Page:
A Topographical Dictionary of England. Originally published by S Lewis, London, 1848.
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COTTON, a township, in the parish of Sandbach, union of Congleton, hundred of Northwich, S. division of the county of Chester, 2¾ miles (E. by N.) from Middlewich; containing 101 inhabitants. It lies about a mile west of the road from Brereton to Knutsford, and comprises 323 acres, of a sandy soil. The vicarial tithes have been commuted for £25. 5.
COTTON, a township, in the parish and union of Wem, Whitchurch division of the hundred of North Bradford, N. division of the county of Salop; containing 439 inhabitants.
COTTON, a township, in the parish of Alveton, union of Cheadle, S. division of the hundred of Totmonslow, N. division of the county of Stafford, 5¼ miles (N. E.) from Cheadle; containing 519 inhabitants. It includes the hamlets of Upper and Lower Cotton, and comprises 2272 acres of land. Here is abundance of excellent limestone, of which extensive quarries are worked by the Trent and Mersey Canal Company. At Lower Cotton is a chapel dedicated to St. John the Baptist, built in 1795, at the expense of the late Thomas Gilbert, Esq., who partly endowed it, and left the payment of the repairs a charge upon his property. The living is a perpetual curacy; net income, £44; patron, Thomas Gilbert, Esq.; impropriator, John Bill, Esq.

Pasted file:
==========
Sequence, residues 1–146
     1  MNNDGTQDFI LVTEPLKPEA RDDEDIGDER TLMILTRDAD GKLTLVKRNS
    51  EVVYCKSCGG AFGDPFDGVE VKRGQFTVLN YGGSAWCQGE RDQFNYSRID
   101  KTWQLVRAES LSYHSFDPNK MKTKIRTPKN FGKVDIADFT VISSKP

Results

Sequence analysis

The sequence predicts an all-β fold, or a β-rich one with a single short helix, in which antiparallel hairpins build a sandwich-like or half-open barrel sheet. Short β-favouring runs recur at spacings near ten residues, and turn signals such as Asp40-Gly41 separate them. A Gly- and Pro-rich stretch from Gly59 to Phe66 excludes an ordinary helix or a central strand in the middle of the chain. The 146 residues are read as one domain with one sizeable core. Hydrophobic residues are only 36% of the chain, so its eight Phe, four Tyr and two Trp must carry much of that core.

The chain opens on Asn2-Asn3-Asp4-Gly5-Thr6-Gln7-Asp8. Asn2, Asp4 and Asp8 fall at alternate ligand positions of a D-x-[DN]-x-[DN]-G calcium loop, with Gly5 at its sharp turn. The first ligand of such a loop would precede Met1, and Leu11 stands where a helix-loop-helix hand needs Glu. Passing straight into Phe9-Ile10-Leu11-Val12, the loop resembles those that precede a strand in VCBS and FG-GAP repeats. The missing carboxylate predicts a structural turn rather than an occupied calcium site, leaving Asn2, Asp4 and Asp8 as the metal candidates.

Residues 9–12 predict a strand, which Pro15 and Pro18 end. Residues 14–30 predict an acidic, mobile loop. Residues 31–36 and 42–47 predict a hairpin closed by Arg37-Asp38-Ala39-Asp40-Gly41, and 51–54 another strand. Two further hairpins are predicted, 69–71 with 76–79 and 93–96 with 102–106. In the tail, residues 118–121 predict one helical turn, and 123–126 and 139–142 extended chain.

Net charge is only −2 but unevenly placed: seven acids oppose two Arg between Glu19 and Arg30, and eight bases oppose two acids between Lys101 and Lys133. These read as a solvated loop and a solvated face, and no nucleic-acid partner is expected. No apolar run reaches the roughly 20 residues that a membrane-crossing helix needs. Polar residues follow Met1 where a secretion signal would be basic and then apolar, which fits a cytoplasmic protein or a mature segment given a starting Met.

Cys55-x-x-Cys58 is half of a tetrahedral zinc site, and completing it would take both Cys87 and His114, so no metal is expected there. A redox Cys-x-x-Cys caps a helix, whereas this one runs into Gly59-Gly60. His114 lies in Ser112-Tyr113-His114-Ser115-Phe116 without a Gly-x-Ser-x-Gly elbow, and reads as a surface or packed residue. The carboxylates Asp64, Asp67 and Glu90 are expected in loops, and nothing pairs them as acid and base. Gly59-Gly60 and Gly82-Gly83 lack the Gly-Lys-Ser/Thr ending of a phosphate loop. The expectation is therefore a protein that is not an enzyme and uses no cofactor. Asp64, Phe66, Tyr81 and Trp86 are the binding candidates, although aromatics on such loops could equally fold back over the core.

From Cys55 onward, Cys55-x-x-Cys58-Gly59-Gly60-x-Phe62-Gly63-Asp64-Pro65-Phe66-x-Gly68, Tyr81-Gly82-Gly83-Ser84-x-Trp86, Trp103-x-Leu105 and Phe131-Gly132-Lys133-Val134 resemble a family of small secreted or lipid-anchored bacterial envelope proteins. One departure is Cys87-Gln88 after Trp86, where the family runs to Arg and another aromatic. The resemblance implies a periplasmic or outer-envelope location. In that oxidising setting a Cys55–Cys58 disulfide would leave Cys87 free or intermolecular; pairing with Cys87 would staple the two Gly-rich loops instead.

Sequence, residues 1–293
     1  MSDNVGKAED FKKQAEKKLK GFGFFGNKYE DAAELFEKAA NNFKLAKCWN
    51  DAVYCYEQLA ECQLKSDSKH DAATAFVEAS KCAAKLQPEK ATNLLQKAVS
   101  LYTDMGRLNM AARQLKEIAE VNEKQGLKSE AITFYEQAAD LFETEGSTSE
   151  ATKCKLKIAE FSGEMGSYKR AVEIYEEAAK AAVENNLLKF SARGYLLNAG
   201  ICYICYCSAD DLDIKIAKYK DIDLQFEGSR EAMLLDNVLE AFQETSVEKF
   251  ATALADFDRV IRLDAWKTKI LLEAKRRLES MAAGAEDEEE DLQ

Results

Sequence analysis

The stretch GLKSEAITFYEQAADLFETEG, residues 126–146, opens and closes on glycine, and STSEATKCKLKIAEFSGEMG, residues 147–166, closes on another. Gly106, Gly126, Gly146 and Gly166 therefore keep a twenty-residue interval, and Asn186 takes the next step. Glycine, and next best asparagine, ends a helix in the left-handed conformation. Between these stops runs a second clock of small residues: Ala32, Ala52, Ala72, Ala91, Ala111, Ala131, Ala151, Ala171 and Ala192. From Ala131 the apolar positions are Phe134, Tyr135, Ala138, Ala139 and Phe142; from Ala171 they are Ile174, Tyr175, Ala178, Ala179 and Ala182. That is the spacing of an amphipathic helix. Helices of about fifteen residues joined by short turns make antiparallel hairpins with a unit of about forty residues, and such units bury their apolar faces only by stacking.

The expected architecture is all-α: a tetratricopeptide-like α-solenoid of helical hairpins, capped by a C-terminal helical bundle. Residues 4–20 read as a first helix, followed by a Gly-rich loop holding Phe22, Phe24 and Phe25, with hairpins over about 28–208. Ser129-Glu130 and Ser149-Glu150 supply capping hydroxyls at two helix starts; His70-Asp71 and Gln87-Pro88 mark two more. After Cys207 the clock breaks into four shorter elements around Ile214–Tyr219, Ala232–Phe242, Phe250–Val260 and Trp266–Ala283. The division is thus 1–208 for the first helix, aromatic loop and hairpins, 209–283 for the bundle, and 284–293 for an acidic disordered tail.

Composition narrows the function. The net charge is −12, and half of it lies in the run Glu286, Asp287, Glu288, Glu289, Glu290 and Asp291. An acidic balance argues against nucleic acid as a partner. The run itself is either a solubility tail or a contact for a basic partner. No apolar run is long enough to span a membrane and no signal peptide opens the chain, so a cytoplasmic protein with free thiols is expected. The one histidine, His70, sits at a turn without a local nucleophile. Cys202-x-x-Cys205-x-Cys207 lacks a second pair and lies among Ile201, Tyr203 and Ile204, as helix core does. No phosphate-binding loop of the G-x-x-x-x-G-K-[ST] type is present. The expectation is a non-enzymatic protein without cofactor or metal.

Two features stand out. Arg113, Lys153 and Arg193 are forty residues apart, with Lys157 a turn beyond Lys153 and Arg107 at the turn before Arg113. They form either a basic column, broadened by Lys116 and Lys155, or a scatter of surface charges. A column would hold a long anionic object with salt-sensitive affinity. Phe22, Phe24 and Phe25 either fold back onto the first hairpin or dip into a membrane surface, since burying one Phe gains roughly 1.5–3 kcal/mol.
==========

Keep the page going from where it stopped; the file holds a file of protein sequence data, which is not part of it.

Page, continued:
Cotton (St. Andrew)
COTTON (St. Andrew), a parish, in the union and hundred of Hartismere, W. division of Suffolk, 6 miles (N. N. E.) from Stow-Market; containing 545 inhabitants. It comprises 1921 acres, of which 58 are common or waste; the surface is in general flat, and the soil heavy. The living is a rectory, valued in the king's books at £15. 10. 2½.; patron and incumbent, the Rev. Peter Eade: the tithes have been commuted for £480, and the glebe consists of 18½ acres, with a glebe-house, much improved by the present incumbent. The church is a handsome structure in the decorated style, with an embattled tower, and a fine south porch; the nave is lighted by clerestory windows. There is a place of worship for Wesleyans.
Cotton, county of York.—See Cottam.
COTTON, county of York.—See Cottam.
Cotton, or Coulton
COTTON, or Coulton, a township, in the parish of Hovingham, union of Helmsley, wapentake of Ryedale, N. riding of York, 8 miles (S. by E.) from Helmsley; containing 158 inhabitants. It comprises by computation 990 acres of land; the village is situated to the east of the high road from Helmsley to Easingwould. There was anciently a chapel, but no traces of it now remain.
COTTON, ABBOTS, a township, in the parish of Christleton, union of Great Boughton, Lower division of the hundred of Broxton, S. division of the county of Chester, 4 miles (E. by N.) from Chester; containing 15 inhabitants. The manor of this place, anciently called Cotes, was given by the baron of Malpas, about 1093, to the convent of St. Werburgh. Some time after the Dissolution it was the property of the Smiths of the Hough, from whom it passed to various families. The township comprises 299 acres, of a clayey soil.